Amyloid pathology triggered in vitro drives the heterodimerization of transcription factors CREB3L2 and ATF4
In a collaborative effort between the Laboratory of Local Translation in Neurons and Glia and the Taub Institute for Research on Alzheimer´s Disease and the Aging Brain (Hengst lab) researchers have found that amyloid pathology triggered in vitro drives the heterodimerization of transcription factors CREB3L2 and ATF4.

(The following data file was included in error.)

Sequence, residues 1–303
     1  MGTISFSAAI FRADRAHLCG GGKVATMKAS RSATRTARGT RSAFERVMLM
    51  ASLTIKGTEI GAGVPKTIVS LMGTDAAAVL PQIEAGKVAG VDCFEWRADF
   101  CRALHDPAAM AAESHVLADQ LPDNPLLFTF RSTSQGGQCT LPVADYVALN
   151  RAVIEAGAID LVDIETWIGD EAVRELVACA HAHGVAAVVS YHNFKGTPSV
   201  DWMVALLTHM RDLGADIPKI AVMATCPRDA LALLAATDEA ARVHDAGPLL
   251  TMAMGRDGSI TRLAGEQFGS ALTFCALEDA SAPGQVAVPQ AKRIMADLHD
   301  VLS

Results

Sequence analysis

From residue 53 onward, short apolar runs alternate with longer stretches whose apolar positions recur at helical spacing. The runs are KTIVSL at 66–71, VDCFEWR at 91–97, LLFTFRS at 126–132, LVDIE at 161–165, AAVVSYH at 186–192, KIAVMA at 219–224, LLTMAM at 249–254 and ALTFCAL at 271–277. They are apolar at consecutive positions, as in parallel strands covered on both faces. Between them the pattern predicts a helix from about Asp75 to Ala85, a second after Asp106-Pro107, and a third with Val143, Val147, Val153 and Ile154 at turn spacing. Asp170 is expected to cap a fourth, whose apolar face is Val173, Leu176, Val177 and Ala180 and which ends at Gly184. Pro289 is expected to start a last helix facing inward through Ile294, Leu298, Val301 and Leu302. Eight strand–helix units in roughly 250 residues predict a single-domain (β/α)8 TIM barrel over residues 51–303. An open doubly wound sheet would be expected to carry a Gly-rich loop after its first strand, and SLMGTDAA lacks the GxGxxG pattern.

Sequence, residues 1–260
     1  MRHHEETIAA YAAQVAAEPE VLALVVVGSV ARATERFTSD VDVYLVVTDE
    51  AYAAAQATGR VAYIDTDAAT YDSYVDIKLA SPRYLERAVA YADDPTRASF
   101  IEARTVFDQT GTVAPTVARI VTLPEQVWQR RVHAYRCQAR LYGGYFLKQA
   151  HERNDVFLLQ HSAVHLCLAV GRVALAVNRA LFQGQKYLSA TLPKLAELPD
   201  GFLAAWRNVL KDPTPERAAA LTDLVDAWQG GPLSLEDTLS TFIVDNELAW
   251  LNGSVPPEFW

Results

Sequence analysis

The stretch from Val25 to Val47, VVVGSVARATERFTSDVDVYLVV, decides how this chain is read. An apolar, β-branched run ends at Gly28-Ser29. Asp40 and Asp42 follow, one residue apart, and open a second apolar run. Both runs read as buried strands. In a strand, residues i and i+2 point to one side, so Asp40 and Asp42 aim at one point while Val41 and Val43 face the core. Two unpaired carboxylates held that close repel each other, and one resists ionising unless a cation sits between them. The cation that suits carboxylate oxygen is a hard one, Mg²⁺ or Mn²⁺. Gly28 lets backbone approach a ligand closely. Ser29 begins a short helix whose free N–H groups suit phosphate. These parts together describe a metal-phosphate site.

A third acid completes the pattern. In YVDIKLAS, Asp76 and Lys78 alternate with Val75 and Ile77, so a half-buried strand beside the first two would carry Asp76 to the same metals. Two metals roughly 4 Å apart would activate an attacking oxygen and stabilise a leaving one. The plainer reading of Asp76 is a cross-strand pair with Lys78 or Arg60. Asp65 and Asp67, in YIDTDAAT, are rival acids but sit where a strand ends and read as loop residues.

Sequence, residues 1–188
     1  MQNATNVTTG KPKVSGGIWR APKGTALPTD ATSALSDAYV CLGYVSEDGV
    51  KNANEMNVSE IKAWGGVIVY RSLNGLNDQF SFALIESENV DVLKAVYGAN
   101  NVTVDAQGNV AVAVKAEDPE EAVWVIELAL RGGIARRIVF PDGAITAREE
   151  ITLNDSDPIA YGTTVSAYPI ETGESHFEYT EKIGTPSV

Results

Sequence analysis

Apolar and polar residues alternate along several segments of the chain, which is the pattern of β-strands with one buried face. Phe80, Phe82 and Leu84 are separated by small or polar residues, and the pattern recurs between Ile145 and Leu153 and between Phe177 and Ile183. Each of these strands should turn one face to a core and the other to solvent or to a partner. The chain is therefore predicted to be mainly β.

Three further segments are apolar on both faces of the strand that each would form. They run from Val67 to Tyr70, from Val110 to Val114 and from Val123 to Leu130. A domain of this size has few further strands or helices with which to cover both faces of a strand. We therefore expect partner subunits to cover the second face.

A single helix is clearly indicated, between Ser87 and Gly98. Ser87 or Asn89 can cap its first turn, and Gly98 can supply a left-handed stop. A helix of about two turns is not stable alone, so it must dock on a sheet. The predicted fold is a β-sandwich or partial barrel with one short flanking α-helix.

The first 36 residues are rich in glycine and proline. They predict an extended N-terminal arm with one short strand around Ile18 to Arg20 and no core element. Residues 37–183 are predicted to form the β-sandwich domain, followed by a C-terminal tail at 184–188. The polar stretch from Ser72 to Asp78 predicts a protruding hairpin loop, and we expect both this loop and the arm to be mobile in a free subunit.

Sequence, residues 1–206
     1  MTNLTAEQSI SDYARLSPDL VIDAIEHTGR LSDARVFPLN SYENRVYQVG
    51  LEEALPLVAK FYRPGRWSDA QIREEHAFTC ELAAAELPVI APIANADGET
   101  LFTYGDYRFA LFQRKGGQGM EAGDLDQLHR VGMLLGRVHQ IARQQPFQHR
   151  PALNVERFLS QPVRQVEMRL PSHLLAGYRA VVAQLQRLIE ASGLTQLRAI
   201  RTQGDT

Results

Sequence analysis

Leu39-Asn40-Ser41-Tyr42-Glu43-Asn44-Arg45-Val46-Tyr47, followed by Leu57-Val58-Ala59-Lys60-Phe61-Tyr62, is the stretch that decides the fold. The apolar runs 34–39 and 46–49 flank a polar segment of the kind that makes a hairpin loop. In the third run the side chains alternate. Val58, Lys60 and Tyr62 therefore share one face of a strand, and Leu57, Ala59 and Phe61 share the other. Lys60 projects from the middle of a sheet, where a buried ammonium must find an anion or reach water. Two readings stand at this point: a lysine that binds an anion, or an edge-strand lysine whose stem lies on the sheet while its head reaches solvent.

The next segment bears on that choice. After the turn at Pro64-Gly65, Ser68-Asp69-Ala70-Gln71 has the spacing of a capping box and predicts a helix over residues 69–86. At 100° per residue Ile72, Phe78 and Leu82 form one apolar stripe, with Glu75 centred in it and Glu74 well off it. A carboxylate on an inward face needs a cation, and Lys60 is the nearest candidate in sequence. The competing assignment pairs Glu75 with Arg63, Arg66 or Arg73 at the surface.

CREB3L2-ATF4 dimer formation is enhanced in Alzheimer´s disease (AD) mouse models and in brain tissues from AD patients. Interestingly, CREB3L2-ATF4 dimers dysregulate retromer functio, APP processing and promote Tau hyperphosphorylation, all hallmarks of AD. CREB3L2-ATF4-dependent transcriptional programs can be targeted by the antitumoral drug dovitinib, making signaling downstream of CREB3L2-ATF4 heterodimers amenable to therapeutic intervention.
This work led by Dr. Claúdio Goveia Roque has been recently published in Science Advances.
CREB3L2-ATF4 dimers in the prefrontal cortex of an AD patient (green). Neurons are stained in magenta.